How would ICE vehicle owners react if there was a device that automatically put gasoline into an ICE vehicle BUT 10% of the fuel is wasted?
        Smith Jim
        • 1 Month Ago
        @Smith Jim
        Many years ago most gas stations were full service. Gas stations began to offer self service and there was a discount on the fuel. Virtually all gas stations are now self service because people are willing to do it themselves and save a little money. The wireless charging seems like taking a step backwards to me.
        Smith Jim
        • 1 Month Ago
        @Smith Jim
        Instead of down rating me, perhaps someone could answer my question. How would you react if there was a way to automatically put gasoline in your car but 10% of the fuel gets wasted?
      marcopolo
      • 1 Month Ago
      @ Smith Jim Well Jim, there are six excellent answers for you ! But, there is an almost direct comparison for your question. When the automatic clutch/transmission was first introduced it's opponents argued that the technology used more fuel. But, the auto-transmission has gone on to be hugely popular. There's a strong streak of the engineering puritan in you. There will always be products for consumers like you who prefer engineering efficiency over convenience, comfort or style. The more choice exists, the better.
      Smith Jim
      • 1 Month Ago
      Electric Avenue If you read the whole article you will have noticed the part where it says, " its chargers have 90 percent of the efficiency of a wired charging system"
      Giza Plateau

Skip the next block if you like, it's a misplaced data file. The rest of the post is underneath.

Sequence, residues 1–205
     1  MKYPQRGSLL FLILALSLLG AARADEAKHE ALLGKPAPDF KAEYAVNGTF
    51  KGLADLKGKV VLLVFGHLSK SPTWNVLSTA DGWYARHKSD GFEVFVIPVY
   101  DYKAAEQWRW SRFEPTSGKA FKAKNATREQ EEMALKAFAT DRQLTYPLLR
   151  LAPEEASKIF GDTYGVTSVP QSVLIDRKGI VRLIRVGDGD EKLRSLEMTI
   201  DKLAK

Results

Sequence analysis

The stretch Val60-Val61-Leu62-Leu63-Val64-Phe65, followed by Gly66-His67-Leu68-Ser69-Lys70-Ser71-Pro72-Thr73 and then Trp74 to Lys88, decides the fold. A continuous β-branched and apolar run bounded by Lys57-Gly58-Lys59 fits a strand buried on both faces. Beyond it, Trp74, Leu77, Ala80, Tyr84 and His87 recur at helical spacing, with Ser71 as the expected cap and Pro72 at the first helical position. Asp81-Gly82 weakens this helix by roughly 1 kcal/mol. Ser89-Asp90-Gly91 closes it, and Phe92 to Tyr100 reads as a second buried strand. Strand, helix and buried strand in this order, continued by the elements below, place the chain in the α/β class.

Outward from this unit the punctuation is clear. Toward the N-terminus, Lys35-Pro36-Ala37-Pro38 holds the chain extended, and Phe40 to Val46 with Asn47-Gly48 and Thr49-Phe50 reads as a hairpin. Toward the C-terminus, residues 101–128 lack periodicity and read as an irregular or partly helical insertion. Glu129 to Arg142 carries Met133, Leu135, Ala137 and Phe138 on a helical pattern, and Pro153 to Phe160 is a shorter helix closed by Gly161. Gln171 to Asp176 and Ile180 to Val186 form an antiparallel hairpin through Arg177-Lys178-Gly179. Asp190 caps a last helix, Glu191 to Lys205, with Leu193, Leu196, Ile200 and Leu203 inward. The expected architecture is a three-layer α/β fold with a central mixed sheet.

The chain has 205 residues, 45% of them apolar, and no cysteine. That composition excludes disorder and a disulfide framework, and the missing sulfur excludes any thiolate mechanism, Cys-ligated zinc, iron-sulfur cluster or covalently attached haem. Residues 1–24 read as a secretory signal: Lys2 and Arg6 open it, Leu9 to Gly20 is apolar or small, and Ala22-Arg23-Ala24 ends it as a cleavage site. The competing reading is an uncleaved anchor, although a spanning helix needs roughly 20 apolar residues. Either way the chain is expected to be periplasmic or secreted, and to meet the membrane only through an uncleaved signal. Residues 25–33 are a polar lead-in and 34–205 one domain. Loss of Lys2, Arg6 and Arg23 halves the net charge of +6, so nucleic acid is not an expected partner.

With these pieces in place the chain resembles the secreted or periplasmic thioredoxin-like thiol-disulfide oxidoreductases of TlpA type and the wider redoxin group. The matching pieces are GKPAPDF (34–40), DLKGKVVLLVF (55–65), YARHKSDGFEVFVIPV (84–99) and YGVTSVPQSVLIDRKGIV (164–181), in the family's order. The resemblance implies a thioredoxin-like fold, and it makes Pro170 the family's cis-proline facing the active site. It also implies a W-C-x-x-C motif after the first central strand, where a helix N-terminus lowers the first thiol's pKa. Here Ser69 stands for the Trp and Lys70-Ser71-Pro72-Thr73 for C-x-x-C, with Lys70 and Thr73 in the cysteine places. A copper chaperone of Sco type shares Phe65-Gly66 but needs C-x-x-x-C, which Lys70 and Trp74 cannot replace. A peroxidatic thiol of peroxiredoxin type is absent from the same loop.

• 1 Month Ago
      This is a mechanical system?? They have a second video that suggests a physical magnetic cylinder is spinning inside both parts, presumably coupled to motor/generator pair. That would explain the odd shape. That doesn't seem like a good design at all.
        DaveMart
        • 1 Month Ago
        @Giza Plateau
        Hi Giza. It really, really helps if you link stuff you refer to! However, the link is here: http://phys.org/news/2012-10-remote-magnetic-gearssafe-wireless-vehicle-charging.html The 2nd video, the one you are talking about, states that this low frequency transfer will not interfere with high frequency emissions, and shows that metal does not interfere, so that, for instance, dropping a coin above the charger will not cause problems.
          DaveMart
          • 1 Month Ago
          @DaveMart
          Yeah, I am very far from convinced about this design myself, but then again I am not an engineer, and ill-qualified to judge cutting edge technologies, aside from the fact that a lot of the info and certainly the pitfalls of new designs of anything are held close to the chest. We might have more solid info to go on in a couple of years, but already it seems pretty clear that induction in one form or another will form part of our electric future.
          Schmart Guy
          • 1 Month Ago
          @DaveMart
          @Giza, Most wireless EV charging uses resonant inductive coupling. This requires higher frequencies to boost power and efficiency. From Plugless Power website "Using high-frequency AC power". http://www.pluglesspower.com/questions-answers/technical-specifications/safety/ Even the old "Magne Charge Inductive Charger Model WM7200 operates on a radio frequency". That can be found in the FCC Information section of the following PDF. http://www.evchargernews.com/miscfiles/gm%20atv%20wm7200%20owners%20manual.pdf 60Hz is OK for charging a toothbrush, but not much more.